The accessories can be designed in a way that the arrangement of all of the accessories upon the said lugs of the toy's body provides a visual representation of the toy as a whole of a specific character or pesonality (for example, Elvis Presley). Peferably, the lugs to which accessories are attached perform reciprocation or other more complex motions during playback of the recorded message. This motion can be synchronised with the tempo of the spoken words of the message.
 Optionally, the accesories may themelves be comprised of mechanical assemblies such that the reciprocation or other motion of the lugs of the toy cause the actuation of more comlex motions within the accessory itself. For example, an arm holding a teapot accessory may be designed with an internal mechanism of gears, levers and other mechanisms such that upon reciprocation of its connecting lug, the hand moves up, then out whilst rotating the teapot then retracts straight back to its rest position. Another example is an accessory which has a periscope comprising gears, levers and a concertina lever mechanism that upon reciprocation of its connecting lug, causes the periscope to extend markedly upwards, rotate 90 degrees, rotate back, then retract to its rest position. Vaious other arrangements are of course possible.
 In embodiments, two or three dimensional computer graphic representations of the chosen characters may optionally be animated in time with the spoken audio format message in a manner which provides the impression that the animated character is speaking the audio format message. More complex animation sequences can also be provided.
 In toy embodiments, the lug or lugs which relate to the mouth accessory are actuated so that the mouth is opened near the beginning of each spoken word and closed near the end of each spoken word, thus providing the impression that the toy is actually speaking the audio format message.
 The other lugs on the toy can be actuated in some predefined sequence or pseudo-random sequence relative to the motion of the mouth, this actuation being performed by way of levers, gears and other mechanical mechanisms. A further feature allows for a more elaborate electromechanical design whereby a plurality of electromechanical actuators are located around the toy's mouth and eyes region, said actuators being independently controlled to allow the toy to form complex facial expressions during the replay of an audio format message.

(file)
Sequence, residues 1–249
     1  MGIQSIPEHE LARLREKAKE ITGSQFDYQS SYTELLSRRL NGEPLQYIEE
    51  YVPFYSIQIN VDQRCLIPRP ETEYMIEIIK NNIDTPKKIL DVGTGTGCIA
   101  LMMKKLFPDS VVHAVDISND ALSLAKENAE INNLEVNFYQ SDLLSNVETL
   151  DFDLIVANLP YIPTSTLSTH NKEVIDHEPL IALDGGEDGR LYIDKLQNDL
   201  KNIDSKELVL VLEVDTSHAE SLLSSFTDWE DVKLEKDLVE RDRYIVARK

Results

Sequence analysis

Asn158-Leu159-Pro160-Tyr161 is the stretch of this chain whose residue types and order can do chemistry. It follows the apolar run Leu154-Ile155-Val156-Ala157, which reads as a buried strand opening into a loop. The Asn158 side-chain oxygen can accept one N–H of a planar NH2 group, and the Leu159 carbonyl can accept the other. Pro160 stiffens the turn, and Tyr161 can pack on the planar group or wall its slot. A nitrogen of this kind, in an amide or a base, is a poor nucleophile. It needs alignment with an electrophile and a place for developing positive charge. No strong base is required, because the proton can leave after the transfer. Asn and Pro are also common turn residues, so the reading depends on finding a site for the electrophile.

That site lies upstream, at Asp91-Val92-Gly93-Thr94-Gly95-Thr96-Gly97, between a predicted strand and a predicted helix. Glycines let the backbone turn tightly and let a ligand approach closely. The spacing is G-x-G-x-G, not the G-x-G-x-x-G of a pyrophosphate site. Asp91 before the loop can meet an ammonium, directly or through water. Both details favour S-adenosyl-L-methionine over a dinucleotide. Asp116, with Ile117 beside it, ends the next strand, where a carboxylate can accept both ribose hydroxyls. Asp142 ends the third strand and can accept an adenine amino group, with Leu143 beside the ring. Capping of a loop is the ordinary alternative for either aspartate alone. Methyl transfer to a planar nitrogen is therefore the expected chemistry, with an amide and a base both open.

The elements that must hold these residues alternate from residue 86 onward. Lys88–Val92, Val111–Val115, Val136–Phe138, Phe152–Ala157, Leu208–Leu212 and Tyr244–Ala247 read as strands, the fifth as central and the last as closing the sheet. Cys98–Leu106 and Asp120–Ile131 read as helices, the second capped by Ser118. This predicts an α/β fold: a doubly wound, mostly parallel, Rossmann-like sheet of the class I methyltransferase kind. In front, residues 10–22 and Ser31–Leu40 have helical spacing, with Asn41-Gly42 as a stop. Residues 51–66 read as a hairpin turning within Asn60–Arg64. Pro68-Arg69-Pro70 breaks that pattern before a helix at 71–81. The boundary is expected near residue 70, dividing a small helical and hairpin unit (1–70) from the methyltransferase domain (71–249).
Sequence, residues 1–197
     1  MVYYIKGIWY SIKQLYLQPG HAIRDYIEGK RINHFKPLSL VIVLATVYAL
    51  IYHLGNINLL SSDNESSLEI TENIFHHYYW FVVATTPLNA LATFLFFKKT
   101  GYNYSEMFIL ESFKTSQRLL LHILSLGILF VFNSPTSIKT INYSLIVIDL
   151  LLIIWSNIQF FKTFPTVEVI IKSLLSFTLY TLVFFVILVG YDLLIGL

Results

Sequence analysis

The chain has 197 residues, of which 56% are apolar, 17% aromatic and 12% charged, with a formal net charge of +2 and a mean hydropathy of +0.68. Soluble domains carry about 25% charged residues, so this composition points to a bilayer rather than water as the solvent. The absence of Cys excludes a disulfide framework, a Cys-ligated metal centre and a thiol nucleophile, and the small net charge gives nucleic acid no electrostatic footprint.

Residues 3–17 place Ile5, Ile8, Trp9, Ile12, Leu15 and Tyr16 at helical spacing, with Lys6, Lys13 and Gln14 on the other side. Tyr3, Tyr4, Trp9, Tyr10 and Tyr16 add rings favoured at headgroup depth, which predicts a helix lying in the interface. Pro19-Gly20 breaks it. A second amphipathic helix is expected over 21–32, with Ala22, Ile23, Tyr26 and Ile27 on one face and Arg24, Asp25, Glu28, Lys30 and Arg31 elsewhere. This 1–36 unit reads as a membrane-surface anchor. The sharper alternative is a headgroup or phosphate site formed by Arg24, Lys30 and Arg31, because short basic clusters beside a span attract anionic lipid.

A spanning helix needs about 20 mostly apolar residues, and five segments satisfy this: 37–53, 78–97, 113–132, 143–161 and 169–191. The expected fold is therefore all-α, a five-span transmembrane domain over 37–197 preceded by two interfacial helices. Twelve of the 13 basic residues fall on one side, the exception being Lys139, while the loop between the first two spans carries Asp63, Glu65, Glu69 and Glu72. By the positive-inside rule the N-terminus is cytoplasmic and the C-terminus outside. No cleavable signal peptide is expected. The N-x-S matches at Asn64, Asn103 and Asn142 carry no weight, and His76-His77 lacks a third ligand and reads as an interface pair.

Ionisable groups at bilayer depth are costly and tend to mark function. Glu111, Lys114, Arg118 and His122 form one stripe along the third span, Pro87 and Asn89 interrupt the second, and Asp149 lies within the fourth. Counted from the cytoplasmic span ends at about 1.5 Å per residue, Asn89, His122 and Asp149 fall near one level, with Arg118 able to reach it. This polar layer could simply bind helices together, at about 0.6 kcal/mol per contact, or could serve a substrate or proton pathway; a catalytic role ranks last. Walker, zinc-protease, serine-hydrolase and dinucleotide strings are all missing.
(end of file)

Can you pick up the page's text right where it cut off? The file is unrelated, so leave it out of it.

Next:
A second channel of a stereo audio input cable connecting the toy to the computer can be used to synchronously record the audio format message and the sequence of facial and other motions that relate to the audio format message.
 Toy embodiment specific aspects
 Shown in FIG. 12 is a toy 70 that may be connectable to a computing means 72 via a connection means 74 through link 76 that may be wireless and therefore connected to a network or by fixed cable. The toy 70 has a non volatile memory 71 and a controller means 75. An audio message may be downloaded though various software to the computing means 72 via the Internet for example and subsequently transferred to the toy through the connection means 74.
 A number of features specific to toy-based embodiments are now described. In one feature the audio format message remains in non-volatile memory 71 within the toy 70 and can be replayed many times until the user instructs the microprocessor in the toy, by way of the controller means 75, to erase the message from the toy. Preferably, the toy is capable of storing multiple audio format messages and replayig any of these messages by operation of the controller means 75. Optionally, the toy may automatically removes old messages from the non-volatile memory 71 when there is insufficient space to record an incoming message.
 A further feature provides that when an audio format message is transmitted from the software to the user's computer processor means 72 and subsequently tansferred to the toy 70 by way of the connecting means 74, the message may optionally be encrypted by the software and then decrypted by the toy 70 to prevent users from listening to the message prior to replay of the message on the toy 70. This encryption can be peformed by reversing the time sequence of the audio format message with decryption being performed by reversing the order of the stored audio format message in the toy. Of course, any other suitable form of encryption may be used.
 Another features provides that when an audio format message is transmitted from the software to the computing processor 72 and subsequently transferred to the toy 70 by way of the connecting means 74, the message may optionally be compressed by the software and then decompressed by the toy 70, whether the audio format message is encrypted or not. The reason for this compression is to speed up the recording process of the toy 70. In a preferred embodiment, this compression is preferably performed by sampling the audio format message at an increased rate when transferring the audio format message to the toy 70, thus reducing the transfer time. The toy subsequently, preferably interpolates between samples to recreate an approximation of the original audio format message. Other forms of analog audio compression can be used as appropriate.